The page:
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By Kenneth R. Samples
All over the globe, billions of people adhere to a variety of different belief systems.
Ten major non-Christian world religions abound today: Buddhism, Confucianism, Hinduism, Islam, Jainism, Judaism, Shintoism, Sikhism, Taoism, and Zoroastrianism.1 The so-called minor religions are too numerous to count (e.g., various basic or folk religions, native American, African, etc.).2 Many people wonder how this morass of religious claims relates to biblical truth, and more specifically how it relates to the truth-claims of historic Christianity.3
Current cultural perspectives of pluralism, multiculturalism, and relativism make this perennial question all the more perplexing. However, sound biblical principles can build a foundation for a Christian perspective on, and response to, the world’s religions.
Assessing and classifying the world’s religions from a distinctly biblical perspective proves complex. Not even all Christians agree as to the proper point of view. However, eight identifiable theological principles emerge from a study of Scripture to help in this task.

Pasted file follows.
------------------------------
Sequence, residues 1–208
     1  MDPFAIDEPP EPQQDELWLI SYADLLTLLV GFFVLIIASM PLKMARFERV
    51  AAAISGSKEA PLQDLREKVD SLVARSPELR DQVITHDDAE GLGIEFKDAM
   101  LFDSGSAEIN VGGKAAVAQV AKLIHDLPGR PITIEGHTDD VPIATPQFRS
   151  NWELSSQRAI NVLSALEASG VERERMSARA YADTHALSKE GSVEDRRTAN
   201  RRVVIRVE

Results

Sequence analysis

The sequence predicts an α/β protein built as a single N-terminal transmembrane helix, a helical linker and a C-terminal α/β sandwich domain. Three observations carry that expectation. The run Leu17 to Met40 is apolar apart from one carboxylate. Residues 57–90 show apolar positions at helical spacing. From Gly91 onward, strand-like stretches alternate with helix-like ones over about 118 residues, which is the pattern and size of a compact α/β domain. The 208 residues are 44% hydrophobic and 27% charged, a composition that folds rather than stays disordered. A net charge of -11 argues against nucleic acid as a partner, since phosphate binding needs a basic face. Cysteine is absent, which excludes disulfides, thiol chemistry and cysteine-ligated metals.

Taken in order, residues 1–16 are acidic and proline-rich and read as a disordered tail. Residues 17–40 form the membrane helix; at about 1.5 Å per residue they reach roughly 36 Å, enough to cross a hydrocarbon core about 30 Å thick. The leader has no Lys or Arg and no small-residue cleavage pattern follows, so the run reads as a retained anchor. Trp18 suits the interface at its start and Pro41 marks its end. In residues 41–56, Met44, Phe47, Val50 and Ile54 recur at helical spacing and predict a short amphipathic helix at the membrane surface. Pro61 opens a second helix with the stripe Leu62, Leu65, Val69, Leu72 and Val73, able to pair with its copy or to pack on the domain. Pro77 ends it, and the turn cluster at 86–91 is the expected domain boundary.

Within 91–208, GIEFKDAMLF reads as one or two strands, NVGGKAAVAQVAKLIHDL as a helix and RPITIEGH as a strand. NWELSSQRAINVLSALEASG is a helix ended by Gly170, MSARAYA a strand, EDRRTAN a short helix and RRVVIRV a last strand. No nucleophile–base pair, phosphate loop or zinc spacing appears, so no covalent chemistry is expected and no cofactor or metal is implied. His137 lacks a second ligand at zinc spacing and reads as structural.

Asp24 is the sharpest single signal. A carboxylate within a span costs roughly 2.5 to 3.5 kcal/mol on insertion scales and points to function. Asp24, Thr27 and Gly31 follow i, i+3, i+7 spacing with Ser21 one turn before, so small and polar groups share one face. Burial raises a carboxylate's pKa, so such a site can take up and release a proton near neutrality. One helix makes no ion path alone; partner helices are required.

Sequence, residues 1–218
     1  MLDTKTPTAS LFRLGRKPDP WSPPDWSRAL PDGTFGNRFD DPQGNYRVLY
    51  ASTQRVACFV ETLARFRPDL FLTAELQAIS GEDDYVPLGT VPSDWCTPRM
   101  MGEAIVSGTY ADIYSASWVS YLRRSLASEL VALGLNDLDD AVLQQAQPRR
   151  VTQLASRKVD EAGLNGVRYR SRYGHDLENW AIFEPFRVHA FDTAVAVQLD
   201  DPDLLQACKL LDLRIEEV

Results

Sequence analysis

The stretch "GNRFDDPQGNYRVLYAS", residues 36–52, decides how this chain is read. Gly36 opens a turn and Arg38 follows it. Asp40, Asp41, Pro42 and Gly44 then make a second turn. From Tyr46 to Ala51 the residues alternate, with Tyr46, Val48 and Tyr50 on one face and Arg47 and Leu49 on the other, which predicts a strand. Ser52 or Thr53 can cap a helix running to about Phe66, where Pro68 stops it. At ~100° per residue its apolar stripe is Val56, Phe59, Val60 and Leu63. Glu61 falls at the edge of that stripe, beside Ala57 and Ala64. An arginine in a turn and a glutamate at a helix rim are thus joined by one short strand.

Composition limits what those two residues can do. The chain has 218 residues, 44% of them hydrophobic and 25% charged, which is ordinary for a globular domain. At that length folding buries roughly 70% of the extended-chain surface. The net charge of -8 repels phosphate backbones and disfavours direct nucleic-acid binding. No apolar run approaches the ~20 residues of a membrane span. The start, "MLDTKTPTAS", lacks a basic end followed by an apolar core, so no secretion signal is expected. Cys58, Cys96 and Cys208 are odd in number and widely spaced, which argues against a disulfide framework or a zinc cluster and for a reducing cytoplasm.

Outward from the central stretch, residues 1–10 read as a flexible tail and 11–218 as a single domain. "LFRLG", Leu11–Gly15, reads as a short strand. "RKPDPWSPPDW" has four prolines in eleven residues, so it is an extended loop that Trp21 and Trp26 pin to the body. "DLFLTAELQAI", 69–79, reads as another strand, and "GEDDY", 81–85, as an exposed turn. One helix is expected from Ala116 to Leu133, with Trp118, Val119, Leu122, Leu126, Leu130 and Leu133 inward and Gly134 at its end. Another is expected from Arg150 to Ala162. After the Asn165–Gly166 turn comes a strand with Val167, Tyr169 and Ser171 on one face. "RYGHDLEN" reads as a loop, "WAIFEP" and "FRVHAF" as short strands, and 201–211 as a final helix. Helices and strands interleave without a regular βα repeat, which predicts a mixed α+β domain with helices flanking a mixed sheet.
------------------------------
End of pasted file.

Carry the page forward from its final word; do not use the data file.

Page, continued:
1. The general revelation of God: Basic knowledge about the one true God’s existence and nature is clearly revealed to all people through the created order, as well as through the providential ordering of history, and through the human conscience (see Ps. 19:1-4; Rom. 1:18-21).4
In light of general revelation, commitment to the one true God and to the unique veracity of Christianity does not imply that all features of other religions are false. Since God created the universe and subsequently each human being in his expressed image (Gen. 1:26-27), authentic traces of
him can be found in all cultures, among all peoples, and, with some important qualifications, even among all religions.5 Creation powerfully, perpetually, and universally reflects the Creator. Human beings sense the reality of God by observing and encountering nature.
Scripture also reveals that as God's special creation, individuals know in the core of their being that there is a God who holds them morally accountable. This inherent and intuitive sense of the divine explains humanity’s deep-seated religious and moral impulses.
Humans have even been called homo religiosis because of their basic religious tendencies and nature. Anthropological and sociological findings confirm that religion has been a universal phenomenon throughout human history.6 Even avowed atheists often seek existential answers to life’s ultimate questions, sometimes in an amazingly “religious” manner (the philosophies of atheistic existentialism and Marxism provide good examples). General revelation explains the powerful phenomenon of spirituality and illuminates why many of the world’s religions agree in some specific areas, particularly concerning core ethical issues…
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